Advisers are divided over lobbying the government to help customers some say are unfairly trapped in old style life assurance bonds with large tax charges.
Earlier this year, Standard Life stopped customers with money held in life assurance bonds from cashing in any of their investments, following the debacle over property fund suspensions post the UK's vote to leave the European Union.
Debate has now arisen as to whether the current system applied to these type of products is fair to customers.
Dean Mullaly, managing director at London-based Mark Dean Wealth Management, told FTAdviser clients effectively cannot transfer out of these investments and as such there is a "swathe of disadvantaged older people" who are trapped.
Without one of four chargeable events happening, he said as far as HM Revenue & Customs is concerned clients are stuck in non-qualifying life assurance bonds and cannot change providers, leaving them paying 1-2 per cent for such products.
Four chargeable events exist where people can move out of these bonds, but where the money is taxed at 20 to 45 per cent.
These events are death; assignment for money or money's worth, taking more than 5 per cent under partial encashment and full encashment.
Where a client has a bond which is "pregnant with gains" - meaning it is only growth that exists in the product and the original capital has been taken out - if they move their money out of the investment they will be taxed as partial encashment under HMRC's rules.
Mr Mullaly said: "People are stuck in old-style high cost products because the Revenue say if you move it we will tax it. Old people cannot come out of them because of the amount of tax charged.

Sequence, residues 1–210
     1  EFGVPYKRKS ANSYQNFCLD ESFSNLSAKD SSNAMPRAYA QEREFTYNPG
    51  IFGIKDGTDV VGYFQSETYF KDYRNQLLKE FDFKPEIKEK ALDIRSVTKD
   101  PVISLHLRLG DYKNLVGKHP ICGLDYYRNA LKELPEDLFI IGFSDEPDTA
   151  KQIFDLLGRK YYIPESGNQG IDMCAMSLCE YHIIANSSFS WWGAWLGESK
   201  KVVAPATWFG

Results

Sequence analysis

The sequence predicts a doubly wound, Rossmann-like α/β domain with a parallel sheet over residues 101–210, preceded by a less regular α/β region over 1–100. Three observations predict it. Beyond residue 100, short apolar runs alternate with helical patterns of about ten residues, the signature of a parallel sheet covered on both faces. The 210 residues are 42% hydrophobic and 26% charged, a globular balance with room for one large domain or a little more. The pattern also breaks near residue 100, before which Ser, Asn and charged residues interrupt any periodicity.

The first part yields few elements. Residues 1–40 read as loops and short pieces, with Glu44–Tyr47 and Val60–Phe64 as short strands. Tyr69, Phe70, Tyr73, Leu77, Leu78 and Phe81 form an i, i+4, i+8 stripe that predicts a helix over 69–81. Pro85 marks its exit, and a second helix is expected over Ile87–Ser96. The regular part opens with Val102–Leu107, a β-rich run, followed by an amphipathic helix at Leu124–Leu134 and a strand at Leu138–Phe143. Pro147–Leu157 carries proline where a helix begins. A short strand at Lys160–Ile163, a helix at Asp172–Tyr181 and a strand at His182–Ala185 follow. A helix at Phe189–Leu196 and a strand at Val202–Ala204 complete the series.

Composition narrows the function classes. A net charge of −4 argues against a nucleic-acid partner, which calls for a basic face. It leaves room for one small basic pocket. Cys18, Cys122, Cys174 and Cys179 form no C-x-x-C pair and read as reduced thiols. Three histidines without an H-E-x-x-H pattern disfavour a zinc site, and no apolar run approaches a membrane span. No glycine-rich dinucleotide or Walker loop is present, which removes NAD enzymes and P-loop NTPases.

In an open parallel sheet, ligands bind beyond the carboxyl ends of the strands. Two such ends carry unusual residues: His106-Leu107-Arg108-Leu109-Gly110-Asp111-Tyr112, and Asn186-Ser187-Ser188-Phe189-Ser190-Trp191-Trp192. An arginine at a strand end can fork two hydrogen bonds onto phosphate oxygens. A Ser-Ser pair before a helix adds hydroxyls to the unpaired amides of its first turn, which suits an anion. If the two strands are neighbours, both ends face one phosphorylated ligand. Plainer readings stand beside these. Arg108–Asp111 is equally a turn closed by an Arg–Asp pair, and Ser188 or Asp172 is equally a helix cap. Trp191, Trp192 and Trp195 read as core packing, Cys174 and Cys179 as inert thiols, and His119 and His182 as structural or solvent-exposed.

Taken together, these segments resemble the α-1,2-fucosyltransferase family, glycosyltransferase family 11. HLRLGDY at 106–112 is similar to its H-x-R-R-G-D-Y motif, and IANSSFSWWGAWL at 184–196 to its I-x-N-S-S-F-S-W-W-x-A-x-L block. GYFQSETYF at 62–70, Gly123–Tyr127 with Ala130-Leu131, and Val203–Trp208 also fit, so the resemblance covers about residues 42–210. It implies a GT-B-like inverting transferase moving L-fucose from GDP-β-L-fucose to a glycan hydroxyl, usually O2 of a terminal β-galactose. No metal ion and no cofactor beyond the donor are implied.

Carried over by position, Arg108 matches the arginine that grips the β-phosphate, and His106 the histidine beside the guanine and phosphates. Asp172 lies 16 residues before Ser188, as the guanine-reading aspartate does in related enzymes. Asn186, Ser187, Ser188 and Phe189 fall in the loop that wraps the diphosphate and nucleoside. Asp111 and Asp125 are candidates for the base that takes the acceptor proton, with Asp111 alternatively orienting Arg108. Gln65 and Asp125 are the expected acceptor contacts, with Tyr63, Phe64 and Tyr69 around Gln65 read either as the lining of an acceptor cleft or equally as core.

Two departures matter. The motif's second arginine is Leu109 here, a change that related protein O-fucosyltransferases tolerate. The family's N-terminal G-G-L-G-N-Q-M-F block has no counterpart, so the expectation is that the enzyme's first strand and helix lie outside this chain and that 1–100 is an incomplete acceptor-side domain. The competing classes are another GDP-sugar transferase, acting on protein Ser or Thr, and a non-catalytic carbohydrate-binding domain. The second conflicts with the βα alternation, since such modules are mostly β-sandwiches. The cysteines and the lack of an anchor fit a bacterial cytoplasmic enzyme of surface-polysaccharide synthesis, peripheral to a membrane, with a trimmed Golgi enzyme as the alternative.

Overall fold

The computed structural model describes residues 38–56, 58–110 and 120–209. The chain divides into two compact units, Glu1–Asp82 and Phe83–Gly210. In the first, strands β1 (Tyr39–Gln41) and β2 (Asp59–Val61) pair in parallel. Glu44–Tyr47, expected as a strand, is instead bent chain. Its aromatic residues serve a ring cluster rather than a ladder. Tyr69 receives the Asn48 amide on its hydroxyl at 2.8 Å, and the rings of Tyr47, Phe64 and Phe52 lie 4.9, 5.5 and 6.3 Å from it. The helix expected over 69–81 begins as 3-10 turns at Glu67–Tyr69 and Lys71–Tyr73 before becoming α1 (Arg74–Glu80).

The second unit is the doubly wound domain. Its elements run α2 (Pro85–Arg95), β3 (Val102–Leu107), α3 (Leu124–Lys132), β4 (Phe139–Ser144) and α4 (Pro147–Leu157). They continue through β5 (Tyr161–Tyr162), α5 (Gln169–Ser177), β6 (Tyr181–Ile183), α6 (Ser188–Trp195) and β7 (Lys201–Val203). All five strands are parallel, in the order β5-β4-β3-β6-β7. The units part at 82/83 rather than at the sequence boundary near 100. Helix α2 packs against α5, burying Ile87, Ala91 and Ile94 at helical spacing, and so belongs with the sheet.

"One of the reasons politicians do not deal with this subject is because they do not understand bonds. If they felt like they were losing billions of tax they would do it."
Mr Mullaly added the consumer does not really get a choice in this context, and the Financial Conduct Authority should be applying its treating customers fairly principles to such clients.
Daren O'Brien, director at London-based Aurora Financial Solutions agreed clients may perceive themselves as "trapped".
But he raised a number of reasons which would make it difficult to change the terms on such products.
"If you do encash it early or transfer it early, there might be penalties. My personal opinion is that if you've made a gain on a product that is tax relievable then you should wait until it is tax relievable.
"If you were in a product that was only available at that time, you can't really change the terms. The government do not like to change things retrospectively."
He added that customers are being treated fairly because they can still come out of the product, and although they would have to pay tax on the gains, putting customers in a product they would not pay tax on is "an unlikely scenario".